By Lisa Bourne
A pro-life group in Toledo, Ohio, has purchased a parking lot across the street from the local abortion facility, which will help enable continued sidewalk counseling to women seeking abortion as the city considers an ordinance banning access to those women.
The Foundation for Life bought the parking lot across from the Capital Care of Toledo abortion center for $35,000 earlier this year, Catholic News Agency (CNA) reports.
A representative of the abortion facility told the local ABC affiliate that women seeking abortion would often end up in the parking lot by mistake. The abortion center escorts would then meet women in the parking lot and walk them past the pro-life sidewalk advocates. Now that the Northwest Ohio-based Foundation for Life owns the lot, it does not allow the abortion center staff or volunteers to meet the women in the parking lot.
“We were thrilled to have the opportunity and grateful for the three generous donors who stepped up and enabled us to purchase the property,” Foundation for Life Executive Director Ed Sitter told CNA.
Sitter also said he was appreciative that the parking lot’s owner had sold it to his organization for half of the asking price. The owner was pro-life, Sitter said, and wanted to give back to the pro-life cause.
The parking lot had been for sale for 20 years.
The February purchase of the lot was good timing, according to Live Action News, as that same month the Toledo city council had introduced a regulation called the Patient Safety Ordinance, creating a 100-foot buffer zone around the city’s only abortion facility where protestors cannot approach the abortion center’s would-be customers.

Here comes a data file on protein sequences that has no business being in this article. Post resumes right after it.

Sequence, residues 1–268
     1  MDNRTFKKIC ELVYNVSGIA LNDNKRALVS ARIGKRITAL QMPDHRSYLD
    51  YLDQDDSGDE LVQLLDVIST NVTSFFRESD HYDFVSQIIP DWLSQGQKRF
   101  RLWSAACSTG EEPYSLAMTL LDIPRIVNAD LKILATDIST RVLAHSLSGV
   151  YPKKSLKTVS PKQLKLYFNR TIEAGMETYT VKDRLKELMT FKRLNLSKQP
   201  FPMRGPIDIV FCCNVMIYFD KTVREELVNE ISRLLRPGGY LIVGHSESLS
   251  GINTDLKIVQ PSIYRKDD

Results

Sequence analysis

The ordinance has not yet come to a vote, but if it does pass, Foundation for Life’s parking lot purchase means the pro-life group will still have an opportunity to reach women who are at risk of abortion since they can speak to anyone on their own property.
Abortion supporters were not pleased with the parking lot purchase.
Kristin Hady, clinic escort volunteer coordinator at Capital Care of Toledo, said she was angry at the business that sold the parking lot to the pro-life group because according to her they, “will use their money and power to directly facilitate patient harassment and make them less safe.”
Nick Komives, the city councilman who introduced the “patient safety” ordinance, told 13ABC that buying the parking lot was a “petty move.”
Pro-life supporters, with the focus of preserving life, have a different take.
“They’ll change their minds,” pro-life advocate Bob Schoen said of women who come to the abortion facility. “We know that it’s not going to be many, but it doesn’t have to be many for us. We want to help the ones that we can.”
Sitter said the buffer zone ordinance was an infringement on free speech and freedom of association, and that it created “another constitutional issue of infringing upon the useful purpose of our private property.”
The ordinance has met with union opposition, according to Sitter, and the city council, which is majority-Democrat, is expected to wait to vote on the measure until after the next election.
Sitter told CNA as well that the Foundation for Life also recently sued the abortion facility, which provides only chemical abortion, for conducting abortions without a doctor present.
The pro-life group has performed sidewalk counseling at the abortion facility since 2009 and Sitter is excited about the parking lot purchase, since it will help them continue in their mission of saving lives from abortion.
“It’s going to be extremely effective,” Sitter said.